I have a couple of clients that seem baffled by my lack of a front-signature. I don't have a problem on certain kinds of my work, like drawings, or older figurative stuff, but feel it would be too distracting for me to see my signature on the front.
I sign and put the year on the reverse, in acid-free pigmented marker, or coloured pencil, what materials were used, and whether the piece is varnished.
I also find that the it's the less-experienced collectors who ask me about the no-front signature.

Louise P. Sloane said...

I always sign the work on the back. With works on paper and/or tyvec I try to sign on lower left portion of back. When I'm doing the framing, I have the framer cut out an oblong "box" on the back so that my signature can be seen for authenticity.
Even when signing prints, I feel that I have compromised my image..

annell said...

I used to only sign on the back, but now I sign on the front, but very small not to interfer with the image.

Susan Huxley huxley@ptd.net said...

As a textile artist I struggle with this. I do sculptures, wearable art, and some pedestrian things for festivals and markets. Quite a few people have asked me to point out my signature. The non-traditional materials I use won't take a signature. Should I attach a label like one finds in clothes? This seems so, well, gauche...production oriented. What to do?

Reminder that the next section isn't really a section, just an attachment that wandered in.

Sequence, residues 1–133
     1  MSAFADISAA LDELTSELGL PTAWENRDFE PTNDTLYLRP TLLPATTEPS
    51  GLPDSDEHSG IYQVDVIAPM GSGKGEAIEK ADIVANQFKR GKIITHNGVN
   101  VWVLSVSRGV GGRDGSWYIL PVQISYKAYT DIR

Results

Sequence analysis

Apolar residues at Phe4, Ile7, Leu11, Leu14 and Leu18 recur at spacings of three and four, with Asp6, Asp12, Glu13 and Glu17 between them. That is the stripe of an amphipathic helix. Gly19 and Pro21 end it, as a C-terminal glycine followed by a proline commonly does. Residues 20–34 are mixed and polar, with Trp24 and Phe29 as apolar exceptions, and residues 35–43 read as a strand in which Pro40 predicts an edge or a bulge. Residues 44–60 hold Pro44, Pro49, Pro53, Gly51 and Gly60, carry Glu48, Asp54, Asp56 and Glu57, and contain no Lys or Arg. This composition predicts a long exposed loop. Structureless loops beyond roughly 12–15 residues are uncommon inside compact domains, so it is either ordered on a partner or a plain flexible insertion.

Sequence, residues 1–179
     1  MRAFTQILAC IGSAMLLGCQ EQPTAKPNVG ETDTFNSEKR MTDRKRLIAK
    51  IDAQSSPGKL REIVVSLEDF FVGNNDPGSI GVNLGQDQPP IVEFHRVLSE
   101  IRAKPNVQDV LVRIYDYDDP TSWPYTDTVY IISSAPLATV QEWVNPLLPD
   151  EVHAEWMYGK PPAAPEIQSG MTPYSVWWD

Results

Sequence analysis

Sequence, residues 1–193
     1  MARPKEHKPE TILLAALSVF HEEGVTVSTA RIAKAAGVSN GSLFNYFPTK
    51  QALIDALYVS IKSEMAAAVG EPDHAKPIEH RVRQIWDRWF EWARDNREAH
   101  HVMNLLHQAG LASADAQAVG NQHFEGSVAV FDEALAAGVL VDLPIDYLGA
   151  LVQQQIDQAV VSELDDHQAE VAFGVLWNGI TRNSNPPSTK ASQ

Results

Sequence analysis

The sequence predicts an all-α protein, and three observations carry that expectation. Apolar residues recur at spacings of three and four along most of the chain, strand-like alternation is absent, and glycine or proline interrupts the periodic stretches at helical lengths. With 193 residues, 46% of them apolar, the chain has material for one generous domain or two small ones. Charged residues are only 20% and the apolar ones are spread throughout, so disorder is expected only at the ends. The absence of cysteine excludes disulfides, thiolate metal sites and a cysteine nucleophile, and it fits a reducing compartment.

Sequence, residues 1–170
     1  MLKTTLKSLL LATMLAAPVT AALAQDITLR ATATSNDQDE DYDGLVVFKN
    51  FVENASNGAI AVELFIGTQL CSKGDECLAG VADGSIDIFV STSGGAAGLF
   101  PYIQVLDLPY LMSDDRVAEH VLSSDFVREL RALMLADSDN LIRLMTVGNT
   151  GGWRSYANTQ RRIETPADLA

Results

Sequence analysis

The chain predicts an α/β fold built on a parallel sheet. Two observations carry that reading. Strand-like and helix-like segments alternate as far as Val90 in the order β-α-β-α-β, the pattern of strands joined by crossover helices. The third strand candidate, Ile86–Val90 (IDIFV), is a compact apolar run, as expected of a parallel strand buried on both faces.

Francis Sills said...

In grad school, I had this amazing conversation with Richard Tuttle about this same subject. It was awhile ago, but he talked at length about the importance of Arshile Gorky's signature in his work...how the placement, scale and calligraphic nature of it was incorporated and balanced out the work. It seems like a signature is one of those personal habits or quirks that artists have about their work. For me, it doesn't interfere either way; I can see both positions for signing on the front or back. I've always signed somewhere in the lower right in a discreet manner, for mainly reasons of vanity: I want someone to know that I did the work with or without a wall label.

linda hirschman said...

on my fiber sculptures, i attach a flat bead to the bottom and sign with initials or my full name.

Stephanie Hoff Clayton said...

My work is visually minimal and front signing would interfere with this. I sign on the back. Additionally, on the back cradled area of my encaustics, I write the title, dimensions and year.
I am currently working on two series on paper and have yet to decide where to sign; it will probably be the lower right, outside the image.